BP ( BP) and Valero ( VLO) posted earnings this morning, which gives terrific insight into the space of two leaders -- one with an integrated energy company and one with a dedicated independent refiner. If we look closely at the numbers, maybe we can find the best way to play these sectors.

It's excellent that both BP and Valero posted on the same day -- you can expect the rest of the sector leaders that are posting in the next week to show the same kind of trends that these two have.

And remember, we've got a lot of big players preparing to post numbers, including Exxon Mobil ( XOM), ConocoPhillips ( COP) and Chevron ( CVX).

But BP is probably the blueprint: Second-quarter earnings were down 53% from the quarter last year. It's even worse than it sounds -- the clean replacement cost profit, a number that strips out the value of oil in inventory, was down 66%. In other words, inflated crude prices this quarter kept the earnings report from being a disaster.

While BP is ahead of its schedule for cost-cutting initiatives, CEO Tony Hayward saw "little evidence of any growth in demand and expect the recovery to be long and drawn out."

Expect similar reports and similar outlooks from the rest of the majors reporting this week.

But there's reason to continue to follow BP. Prices are as volatile as they've ever been and the recent run-up to keep crude above $60 a barrel will be a big help going into the third quarter. And there's that dividend, the best in the sector - 6.6 %

The integrateds are not the best proxy for crude oil prices, even though their earnings reports seem to rely so completely upon them. There are better plays in the space if you want to bet on oil going up.

Instead, use BP and other integrated oil stocks as the "consumer staples" piece of your energy portfolio. And in that area, although I have usually preferred Chevron for that role, you still cannot do badly with BP.

This report will have its desired effect - along with the similar reports from others in the sector, you should get an opportunity of cheaper shares. Look for a better than 7% dividend yield to start your scale in buying, corresponding to a price of $48 a share or lower.

Valero is another case. Although BP also has significant refining exposure, Valero is a pure independent refining company. And the numbers for the refiners have been miserable. Margins for the products they've been selling, like gasoline and heating oil, have been at historic lows, even while crude prices were flying high.

Crack spreads, the measurement of the price of refined products compared to the raw crude that is used to make them have been historically low for gasoline even in the traditionally strong summer period. In the years from 2003-06, summer cracks often traded north of $25, sometimes as high as $45.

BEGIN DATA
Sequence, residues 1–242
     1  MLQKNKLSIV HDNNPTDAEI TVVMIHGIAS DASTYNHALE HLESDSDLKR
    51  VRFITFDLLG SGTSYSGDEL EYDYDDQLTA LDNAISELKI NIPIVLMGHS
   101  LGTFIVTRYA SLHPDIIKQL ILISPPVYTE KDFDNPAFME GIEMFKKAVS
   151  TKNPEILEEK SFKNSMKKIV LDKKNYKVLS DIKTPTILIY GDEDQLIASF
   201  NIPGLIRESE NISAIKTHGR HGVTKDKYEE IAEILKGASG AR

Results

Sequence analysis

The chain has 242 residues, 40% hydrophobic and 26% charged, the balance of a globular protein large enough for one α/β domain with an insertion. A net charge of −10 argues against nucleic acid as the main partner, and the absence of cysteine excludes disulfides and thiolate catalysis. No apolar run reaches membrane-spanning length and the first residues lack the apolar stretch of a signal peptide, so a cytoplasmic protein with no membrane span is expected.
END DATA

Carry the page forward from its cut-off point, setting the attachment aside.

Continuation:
In the last two years, summer cracks have traded below 10 dollars and sometimes even at negative prices. Because of this, Valero and other refiners have been on a downward slide for the better half of two years.

But things have gotten so bad, it's hard to imagine them getting much worse.

Remember that Valero, which posted a $254 million loss in the second quarter, was a $70 stock less than two years ago.

At $18.25, with a 3.50% dividend, there's an opportunity to be had here for the longer-term, forward-looking investor

Yes, things are miserable for Valero. Yes, the forecasts are for things to not get much better soon. But when things do get better, the price of the shares will be a lot higher, and you'll be too late to take advantage of these depressed prices. Even a short-term increase in margins could make Valero ramp strongly and deliver a 50% share increase.

Keep an eye on these two and others reporting in the energy space this week. I think you'll find your work will be well rewarded.
Dan Dicker has been a floor trader at the New York Mercantile Exchange with more than 20 years' experience. He is a licensed commodities trade adviser. Dan's recognized energy market expertise includes active trading in crude oil, natural gas, unleaded gasoline and heating oil futures contracts; fundamental analysis including supply and demand statistics (DOE, EIA), CFTC trade reportage, volume and open interest; technical analysis including trend analysis, stochastics, Bollinger Bands, Elliot Wave theory, bar and tick charting and Japanese candlesticks; and trading expertise in outright, intermarket and intramarket spreads and cracks.

Dan also designed and supervised the introduction of the new Nymex PJM electricity futures contract, launched in April 2003, which cleared more than 600,000 contracts last year alone. Its launch has been the basis of Nymex's resurgence in the clearing of power market contracts over the last three years.

Dan Dicker has appeared as an energy analyst since 2002 with all the major financial news networks. He has lent his expertise in hundreds of live radio and television broadcasts as an analyst of the oil markets on CNBC, Bloomberg US and UK and CNNfn. Dan is the author of many energy articles published in Nymex and other trade journals.

Dan obtained a bachelor of arts degree from the State University of New York at Stony Brook in 1982.

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